Sleep apnea may occur if you're young or old, male or female. Even children can have sleep apnea. But certain factors put you at increased risk: Excess weight. Fat deposits around your upper airway may obstruct your breathing. However, not everyone who has sleep apnea is overweight. Thin people develop the disorder, too. Neck circumference. The size of your neck may indicate whether or not you have an increased risk of sleep apnea. That's because a thick neck may narrow the airway and may be an indication of excess weight. A neck circumference greater than 17.5 inches (44 centimeters) is associated with an increased risk of obstructive sleep apnea. High blood pressure (hypertension). Sleep...

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Symptoms
The signs and symptoms of obstructive and central sleep apneas overlap, sometimes making the type of sleep apnea more difficult to determine. The most common signs and symptoms of obstructive and central sleep apneas include: Excessive daytime sleepiness (hypersomnia); Loud snoring, which is usually more prominent in obstructive sleep apnea; Observed episodes of breathing cessation during sleep; Abrupt awakenings accompanied by shortness of breath, which more likely indicates central sleep apnea; Awakening with a dry mouth or sore throat; Morning headache; Difficulty staying asleep (insomnia)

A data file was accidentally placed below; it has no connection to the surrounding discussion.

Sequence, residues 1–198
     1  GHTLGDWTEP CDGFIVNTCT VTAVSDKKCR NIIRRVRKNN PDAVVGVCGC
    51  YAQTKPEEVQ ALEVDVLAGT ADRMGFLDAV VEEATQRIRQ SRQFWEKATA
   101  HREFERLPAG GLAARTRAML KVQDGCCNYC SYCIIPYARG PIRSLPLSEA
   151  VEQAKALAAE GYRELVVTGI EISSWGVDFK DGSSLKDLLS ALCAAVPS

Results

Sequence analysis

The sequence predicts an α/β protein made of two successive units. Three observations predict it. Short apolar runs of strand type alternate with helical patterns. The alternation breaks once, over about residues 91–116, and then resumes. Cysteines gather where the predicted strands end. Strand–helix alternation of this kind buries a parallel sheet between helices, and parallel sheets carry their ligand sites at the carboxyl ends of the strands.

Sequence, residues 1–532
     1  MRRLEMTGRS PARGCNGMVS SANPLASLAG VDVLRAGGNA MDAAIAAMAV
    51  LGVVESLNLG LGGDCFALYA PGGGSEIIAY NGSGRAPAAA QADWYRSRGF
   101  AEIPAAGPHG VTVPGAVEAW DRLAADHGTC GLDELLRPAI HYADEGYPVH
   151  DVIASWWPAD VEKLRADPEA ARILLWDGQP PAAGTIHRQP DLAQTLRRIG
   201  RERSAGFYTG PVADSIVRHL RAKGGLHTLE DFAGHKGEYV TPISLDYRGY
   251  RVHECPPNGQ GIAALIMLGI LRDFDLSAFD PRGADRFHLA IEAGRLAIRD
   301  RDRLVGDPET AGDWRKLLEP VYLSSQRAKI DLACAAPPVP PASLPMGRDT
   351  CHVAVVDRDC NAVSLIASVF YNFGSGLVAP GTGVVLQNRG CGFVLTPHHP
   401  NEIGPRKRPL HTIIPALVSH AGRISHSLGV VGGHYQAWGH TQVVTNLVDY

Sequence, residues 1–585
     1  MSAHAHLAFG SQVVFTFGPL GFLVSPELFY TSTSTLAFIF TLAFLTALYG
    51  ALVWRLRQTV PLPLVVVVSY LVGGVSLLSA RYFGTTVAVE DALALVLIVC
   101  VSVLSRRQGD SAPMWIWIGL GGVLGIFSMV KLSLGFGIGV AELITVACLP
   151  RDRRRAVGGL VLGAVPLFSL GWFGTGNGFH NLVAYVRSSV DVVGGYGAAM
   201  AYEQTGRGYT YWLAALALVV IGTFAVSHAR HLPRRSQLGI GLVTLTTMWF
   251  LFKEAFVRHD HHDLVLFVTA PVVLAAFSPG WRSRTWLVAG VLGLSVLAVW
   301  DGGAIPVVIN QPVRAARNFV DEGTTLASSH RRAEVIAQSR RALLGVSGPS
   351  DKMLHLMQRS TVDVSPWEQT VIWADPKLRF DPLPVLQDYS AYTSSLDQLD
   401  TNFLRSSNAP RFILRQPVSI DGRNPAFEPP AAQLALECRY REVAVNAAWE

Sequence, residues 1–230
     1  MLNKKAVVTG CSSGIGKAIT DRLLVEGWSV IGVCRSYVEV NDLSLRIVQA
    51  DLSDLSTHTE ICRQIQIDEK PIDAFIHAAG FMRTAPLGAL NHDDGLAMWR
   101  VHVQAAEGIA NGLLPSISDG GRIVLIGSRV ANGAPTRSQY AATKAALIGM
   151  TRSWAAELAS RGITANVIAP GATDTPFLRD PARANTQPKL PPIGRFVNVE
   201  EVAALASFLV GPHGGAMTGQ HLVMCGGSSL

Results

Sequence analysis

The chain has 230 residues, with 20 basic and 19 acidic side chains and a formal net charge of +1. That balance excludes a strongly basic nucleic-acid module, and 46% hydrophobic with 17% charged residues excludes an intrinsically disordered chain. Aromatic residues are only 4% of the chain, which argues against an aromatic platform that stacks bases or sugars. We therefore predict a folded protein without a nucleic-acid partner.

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Tests and diagnosis
Your doctor may make an evaluation based on your signs and symptoms or may refer you to a sleep disorder center. There, a sleep specialist can help you decide on your need for further evaluation. Such an evaluation often involves overnight monitoring of your breathing and other body functions during sleep. Tests to detect sleep apnea may include: Nocturnal polysomnography. During this test, you're hooked up to equipment that monitors your heart, lung and brain activity, breathing patterns, arm and leg movements, and blood oxygen levels while you sleep. Oximetry. This screening method involves using a small machine that monitors and records the oxygen level in your blood while you're asleep....

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Treatments and drugs
For milder cases of sleep apnea, your doctor may recommend lifestyle changes such as losing weight or quitting smoking. If these measures don't improve your signs and symptoms or if your apnea is moderate to severe, a number of other treatments are available. Certain devices can help open up a blocked airway. In other cases, surgery may be necessary.